The key idea behind overmarkup is quite simple and extremely useful. The actual contents of the XML elements of the application document are XPath (W3C 1999b) references to the contents document. These references select the contents that must appear in every pane. Figure 13 depicts a fragment of the applications document for the Galatea contextual dictionary (bold text represents overmarkup). Regarding canalisation, the value of the href attribute in the contents document (Figure 11) represents the destination content (in the source anchor) of the content link, while the element linksDestination in the application document (in italics in Figure 13) canalises the content links into the navigational level. This canalisation provides information about the pane in which the destination of a content link must appear (i.e. this is similar to the HTML attribute target of the HTML element a, but in our approach the information is defined only at the navigational level). In this way, if the user selects the anchor with href="s1" in the article (Figure 11), the destination of this link (the sentence with id="s1") will appear in the pane with id="p1.2", because the article (a GIF file) appears in the pane with id="p1.1" (Figure 13), and the content links of the article are canalised by the pipe defined by the linksDestination element between the pane with id="p1.1" and the pane with id="p1.2".
Figure 13. Fragment of the application document for the Galatea contextual dictionary
In this case, the application document of Figure 13 is the PlumbingXJ representation of the Pipe navigational schema of Figure 5, and Pipe canalisation functions of Figure 7. Note that instead of using the terms nexus nodes and container nodes, in PlumbingXJ the terms windows and panes are used instead.
The Java application Automatic Prototypes Generator (APG) processes the application document, the contents documents and the Java g-class and produces the desired prototype shown in Figure 14. The navigational schema of the application is generated by the APG from the application document. This schema is a Java Swing skeleton that supports the GUI of the application. The contents that appear in this Java Swing skeleton are HTML pages generated by the APG from the contents document and the XPath expressions that appear in the application document. An XSLT transformation (W3C 1999c) produces the transition from XML to HTML. This transformation is always the same and uses the hypermedia structure encoded in the contents document via several selected attributes (e.g. the href attribute). In this way the contents document can be structured in any desired way because the XSLT transformation only needs a few attributes to produce the HTML pages. This is similar to the concept of Architectural Form processing presented by HyTime. Finally, the behaviour of the application is provided by an event controller that implements Pipe browsing semantics via a Java Swing HyperlinkListener taking into account the g-class (if necessary). Naturally non-XML data, like figures and subordinate processes, can be referenced from the contents document. In particular, subordinate processes are implemented by Java classes that are dynamically loaded by the application.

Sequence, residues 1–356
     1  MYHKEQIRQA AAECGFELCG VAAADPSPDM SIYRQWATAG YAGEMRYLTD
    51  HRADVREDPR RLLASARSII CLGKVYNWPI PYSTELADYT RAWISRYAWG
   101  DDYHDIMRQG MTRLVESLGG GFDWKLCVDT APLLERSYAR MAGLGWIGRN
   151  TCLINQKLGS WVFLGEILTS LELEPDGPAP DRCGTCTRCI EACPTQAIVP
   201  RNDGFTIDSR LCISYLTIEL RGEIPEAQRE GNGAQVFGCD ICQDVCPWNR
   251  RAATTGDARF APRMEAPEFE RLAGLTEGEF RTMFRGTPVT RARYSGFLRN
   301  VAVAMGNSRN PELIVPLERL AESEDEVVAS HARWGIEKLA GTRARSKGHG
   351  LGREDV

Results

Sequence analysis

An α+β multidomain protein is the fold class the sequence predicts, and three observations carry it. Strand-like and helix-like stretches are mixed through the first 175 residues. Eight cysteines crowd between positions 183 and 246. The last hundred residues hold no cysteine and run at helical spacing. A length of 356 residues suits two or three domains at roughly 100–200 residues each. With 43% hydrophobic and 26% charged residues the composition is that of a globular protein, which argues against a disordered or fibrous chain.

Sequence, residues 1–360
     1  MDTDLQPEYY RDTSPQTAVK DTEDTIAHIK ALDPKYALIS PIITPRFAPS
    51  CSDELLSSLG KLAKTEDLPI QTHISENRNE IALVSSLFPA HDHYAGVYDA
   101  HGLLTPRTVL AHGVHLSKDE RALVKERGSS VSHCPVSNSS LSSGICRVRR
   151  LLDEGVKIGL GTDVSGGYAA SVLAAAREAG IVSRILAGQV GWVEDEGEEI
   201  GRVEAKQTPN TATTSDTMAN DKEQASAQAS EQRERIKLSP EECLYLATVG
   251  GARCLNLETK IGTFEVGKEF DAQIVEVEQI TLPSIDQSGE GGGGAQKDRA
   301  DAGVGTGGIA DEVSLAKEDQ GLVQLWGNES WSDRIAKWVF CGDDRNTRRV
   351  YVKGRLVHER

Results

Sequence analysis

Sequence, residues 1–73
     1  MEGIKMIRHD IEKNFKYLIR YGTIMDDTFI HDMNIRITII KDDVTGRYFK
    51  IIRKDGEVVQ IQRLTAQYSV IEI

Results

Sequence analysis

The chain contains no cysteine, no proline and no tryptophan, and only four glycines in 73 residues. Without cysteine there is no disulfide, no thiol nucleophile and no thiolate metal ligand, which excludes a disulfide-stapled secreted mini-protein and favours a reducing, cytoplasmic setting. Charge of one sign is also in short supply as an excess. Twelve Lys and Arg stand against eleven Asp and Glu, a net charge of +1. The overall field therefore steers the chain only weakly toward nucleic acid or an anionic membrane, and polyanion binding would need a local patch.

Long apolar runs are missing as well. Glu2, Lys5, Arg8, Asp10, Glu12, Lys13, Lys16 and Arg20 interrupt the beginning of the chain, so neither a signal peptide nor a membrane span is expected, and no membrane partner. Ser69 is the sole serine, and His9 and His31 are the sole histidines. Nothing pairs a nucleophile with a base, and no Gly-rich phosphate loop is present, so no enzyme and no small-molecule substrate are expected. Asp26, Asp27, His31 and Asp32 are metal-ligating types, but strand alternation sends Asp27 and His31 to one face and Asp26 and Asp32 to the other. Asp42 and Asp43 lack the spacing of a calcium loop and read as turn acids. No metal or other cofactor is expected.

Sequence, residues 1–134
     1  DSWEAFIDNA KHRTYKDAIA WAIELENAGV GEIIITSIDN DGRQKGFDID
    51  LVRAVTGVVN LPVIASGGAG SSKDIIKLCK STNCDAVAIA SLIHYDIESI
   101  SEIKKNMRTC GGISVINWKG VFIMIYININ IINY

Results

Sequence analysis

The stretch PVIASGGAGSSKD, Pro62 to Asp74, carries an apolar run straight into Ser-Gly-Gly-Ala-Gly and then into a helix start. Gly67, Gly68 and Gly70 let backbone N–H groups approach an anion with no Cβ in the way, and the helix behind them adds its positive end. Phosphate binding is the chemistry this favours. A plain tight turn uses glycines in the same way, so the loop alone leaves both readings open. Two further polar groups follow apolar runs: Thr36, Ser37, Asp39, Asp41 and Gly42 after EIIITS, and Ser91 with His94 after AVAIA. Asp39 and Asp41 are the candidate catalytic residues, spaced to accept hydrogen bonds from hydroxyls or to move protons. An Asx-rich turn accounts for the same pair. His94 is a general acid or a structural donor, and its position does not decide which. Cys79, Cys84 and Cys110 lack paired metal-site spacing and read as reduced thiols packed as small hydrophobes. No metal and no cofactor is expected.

The separation of layers allows for fast generation of prototypes where modular changes can be made in the navigational schema, in the content level or in the dynamic behaviour of the application. The construction of the navigational schema and its relationships with the contents can be done manually, or via a CASE tool. At the last stage, the customers evaluate the prototype. When the hypermedia structure is stable enough, the design stage begins. The use of XML in structuring the document offers an easy transition to HTML (or another format) using XSLT transformations. This approach is preferable to the direct use of HTML in prototyping due to the flexibility and structuring power provided by XML (Sperberg-McQueen and Goldstein 1994).